Modern sailing llauts are rather more svelte and some have reversed raked transoms. I’ve never had the pleasure of sailing one of these craft but apparently they go well, the lateen rig is simple yet powerful with good windward qualities and the underwater profile, with two long, shallow bilge keels or runners and a large skeg, is sufficient to keep them on course.

Unlike Tarragona the north of Catalonia hasn’t shed its mantle of maritime heritage and quantities of llauts huddle in ports or bask, above the high water mark, on beaches. On the Costa Brava the llaut is still very much the fashionable day boat for pottering from cove to bay and, although some owners try to improve performance under power by adding an unsightly skirt of sorts at the stern to give a straighter, flatter run aft, there is nothing that smacks of the Mediterranean quite as much as seeing one of these little boats, through a clutch of wind tortured stone pines, as you weave down a path to a secluded cove.

Sunday 6 April 2008

La Tramontana

Work has taken me to the Costa Brava for two weeks and although the timetable has been intense I’ve taken every opportunity to explore the area, as always from the point of view of a small boat sailor.Previously I’ve known this coast for windsurfing and for years regularly made the journey to Sant Pere Pescador or Sant Martí de Empuries to sail in famously nuclear conditions, but it had been a very long time since I’d been to Cap de Creus and Cadaqués.

The Tramontana has blown almost continually, comfortably reaching a force seven most days. The wind brings a remarkable raw beauty to the land and sea. The thrashing maquis gives up luxurious aromas of lavender, thyme and rosemary. The air is cool and clean, the sky a polished dome of flawless blue and the sun gilds the seas from shore to rim. All very pretty indeed.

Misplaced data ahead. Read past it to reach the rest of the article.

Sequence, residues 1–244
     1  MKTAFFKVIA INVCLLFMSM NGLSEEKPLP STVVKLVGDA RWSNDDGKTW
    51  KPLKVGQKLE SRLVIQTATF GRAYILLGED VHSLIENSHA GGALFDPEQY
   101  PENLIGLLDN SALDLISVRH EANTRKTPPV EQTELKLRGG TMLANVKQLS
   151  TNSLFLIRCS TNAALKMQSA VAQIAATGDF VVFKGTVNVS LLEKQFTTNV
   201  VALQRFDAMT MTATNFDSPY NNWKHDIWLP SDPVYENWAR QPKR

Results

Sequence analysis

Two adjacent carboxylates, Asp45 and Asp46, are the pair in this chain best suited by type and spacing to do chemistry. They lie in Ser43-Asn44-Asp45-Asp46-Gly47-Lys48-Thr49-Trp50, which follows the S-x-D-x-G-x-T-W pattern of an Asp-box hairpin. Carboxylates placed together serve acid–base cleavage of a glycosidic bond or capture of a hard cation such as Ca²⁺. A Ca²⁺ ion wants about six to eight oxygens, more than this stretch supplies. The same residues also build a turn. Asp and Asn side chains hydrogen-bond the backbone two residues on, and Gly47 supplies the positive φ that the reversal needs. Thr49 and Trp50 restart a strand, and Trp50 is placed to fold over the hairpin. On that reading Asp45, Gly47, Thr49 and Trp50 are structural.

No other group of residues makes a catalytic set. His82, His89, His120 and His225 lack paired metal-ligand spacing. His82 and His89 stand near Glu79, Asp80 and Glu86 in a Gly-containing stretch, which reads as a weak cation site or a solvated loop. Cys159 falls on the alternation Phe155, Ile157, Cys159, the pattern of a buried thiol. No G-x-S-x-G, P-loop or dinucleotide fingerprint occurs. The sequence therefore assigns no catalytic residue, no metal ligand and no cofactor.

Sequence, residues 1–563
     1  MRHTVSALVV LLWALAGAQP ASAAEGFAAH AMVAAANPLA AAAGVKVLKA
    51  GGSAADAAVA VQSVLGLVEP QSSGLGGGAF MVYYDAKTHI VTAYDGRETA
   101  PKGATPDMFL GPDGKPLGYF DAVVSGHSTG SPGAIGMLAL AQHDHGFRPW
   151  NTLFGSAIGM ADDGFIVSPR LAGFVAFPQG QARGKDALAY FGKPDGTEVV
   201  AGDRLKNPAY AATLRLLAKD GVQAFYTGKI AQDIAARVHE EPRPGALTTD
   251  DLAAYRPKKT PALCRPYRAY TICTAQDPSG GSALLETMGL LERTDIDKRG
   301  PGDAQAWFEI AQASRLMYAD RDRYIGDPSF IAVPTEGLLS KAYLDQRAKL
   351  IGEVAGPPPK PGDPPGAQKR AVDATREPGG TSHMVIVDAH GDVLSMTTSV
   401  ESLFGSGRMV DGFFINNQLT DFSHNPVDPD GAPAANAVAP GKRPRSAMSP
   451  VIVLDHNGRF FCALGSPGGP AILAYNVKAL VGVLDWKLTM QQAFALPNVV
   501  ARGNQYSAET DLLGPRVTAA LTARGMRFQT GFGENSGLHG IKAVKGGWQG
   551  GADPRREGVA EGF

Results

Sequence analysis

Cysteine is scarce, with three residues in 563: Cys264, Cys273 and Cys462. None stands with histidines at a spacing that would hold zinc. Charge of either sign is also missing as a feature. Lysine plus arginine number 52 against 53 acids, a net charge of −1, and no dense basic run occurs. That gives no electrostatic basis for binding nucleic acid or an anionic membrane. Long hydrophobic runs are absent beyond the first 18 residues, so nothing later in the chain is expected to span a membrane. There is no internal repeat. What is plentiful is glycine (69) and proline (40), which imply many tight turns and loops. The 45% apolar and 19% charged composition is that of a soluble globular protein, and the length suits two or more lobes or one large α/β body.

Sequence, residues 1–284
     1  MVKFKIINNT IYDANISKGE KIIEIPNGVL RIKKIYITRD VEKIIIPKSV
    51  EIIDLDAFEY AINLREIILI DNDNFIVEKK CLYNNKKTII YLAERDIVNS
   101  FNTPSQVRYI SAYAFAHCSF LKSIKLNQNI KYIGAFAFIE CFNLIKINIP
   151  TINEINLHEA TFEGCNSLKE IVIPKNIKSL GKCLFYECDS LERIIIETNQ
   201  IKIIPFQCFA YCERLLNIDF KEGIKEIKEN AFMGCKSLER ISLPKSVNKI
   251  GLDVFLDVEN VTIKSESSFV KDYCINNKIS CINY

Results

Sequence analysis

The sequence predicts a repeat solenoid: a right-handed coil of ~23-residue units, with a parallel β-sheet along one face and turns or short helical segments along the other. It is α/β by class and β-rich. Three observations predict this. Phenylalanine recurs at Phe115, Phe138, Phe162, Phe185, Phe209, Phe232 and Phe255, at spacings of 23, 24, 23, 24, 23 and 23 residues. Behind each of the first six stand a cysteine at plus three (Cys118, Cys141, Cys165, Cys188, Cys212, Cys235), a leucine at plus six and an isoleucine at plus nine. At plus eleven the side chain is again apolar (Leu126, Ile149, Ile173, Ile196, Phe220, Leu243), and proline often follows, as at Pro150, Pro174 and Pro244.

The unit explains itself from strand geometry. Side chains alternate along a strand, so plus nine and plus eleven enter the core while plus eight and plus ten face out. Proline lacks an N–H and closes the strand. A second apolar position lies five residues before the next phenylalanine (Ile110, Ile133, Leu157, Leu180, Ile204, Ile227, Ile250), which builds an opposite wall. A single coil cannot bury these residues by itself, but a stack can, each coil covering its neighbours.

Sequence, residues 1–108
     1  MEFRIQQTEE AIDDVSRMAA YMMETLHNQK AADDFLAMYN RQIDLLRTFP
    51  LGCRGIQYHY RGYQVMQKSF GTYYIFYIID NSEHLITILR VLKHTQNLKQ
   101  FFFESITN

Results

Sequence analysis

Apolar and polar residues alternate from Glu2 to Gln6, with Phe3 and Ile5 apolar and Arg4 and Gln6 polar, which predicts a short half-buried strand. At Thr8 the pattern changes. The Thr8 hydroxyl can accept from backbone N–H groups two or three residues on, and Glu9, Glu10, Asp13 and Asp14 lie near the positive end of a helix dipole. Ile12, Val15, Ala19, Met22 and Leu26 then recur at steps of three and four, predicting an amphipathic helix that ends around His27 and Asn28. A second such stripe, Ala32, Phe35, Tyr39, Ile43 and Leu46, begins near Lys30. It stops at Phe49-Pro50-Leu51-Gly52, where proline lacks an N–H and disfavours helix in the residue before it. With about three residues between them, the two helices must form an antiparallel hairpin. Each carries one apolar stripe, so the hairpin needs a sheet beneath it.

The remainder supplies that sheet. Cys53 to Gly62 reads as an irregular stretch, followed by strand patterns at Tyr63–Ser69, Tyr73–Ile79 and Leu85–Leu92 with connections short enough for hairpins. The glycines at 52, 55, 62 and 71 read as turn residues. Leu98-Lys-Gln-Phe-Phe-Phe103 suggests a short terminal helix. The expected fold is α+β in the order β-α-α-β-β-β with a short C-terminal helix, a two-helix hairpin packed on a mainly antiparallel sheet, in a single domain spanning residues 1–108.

Local lore, however, upholds that prolonged exposure to the wind gives rise to neurosis and apparently Cadaqués boasts the highest number of neurotics in Spain. Most of these seem to take up painting inspired, no doubt, by the cape’s most illustrious late denizen, Salvador Dalí and galleries chocker with quaint boating scenes abound.

Local councils are also keen to foster the surrealist image and giant eggs, loaves of bread and other surreal sculptures can be found distracting drivers on roundabouts throughout the region.

Cap de Creus is a natural park and it is pleasure to see an area of Spanish coastline that doesn’t have ugly developments crowding down to the water. Long sheltered bays and shallow coves providing protection from all quarters are liberally scattered about the coast making it a dream cruising area for the small boat sailor—so long as the Tramontana isn’t furiously hammering out of the north.

I spent some time at Port Ligat where Dalí’s house, surrounded by olive and cypress trees on three sides and open to the sea on the fourth, snuggles into the distinctive slate. Walking the shore where the great artist roamed and delighting in the landscape brought me strangely close to the man. Not to the point of seeing spindly-legged elephants tripping through the olive groves but enough to spend an hour inventing outlandish similes and metaphors while watching eddies on the water.

Some images in which the sea or boats feature in Dalí’s work.
In Atmospheric Skull Sodomizing a Grand Piano we see a typical llaut in the foregound.

Figure at a Window shows the bay at Port Ligat.
And The Ship shows a Tramontana sea.I imagine the wind played havoc with Dalí’s moustache.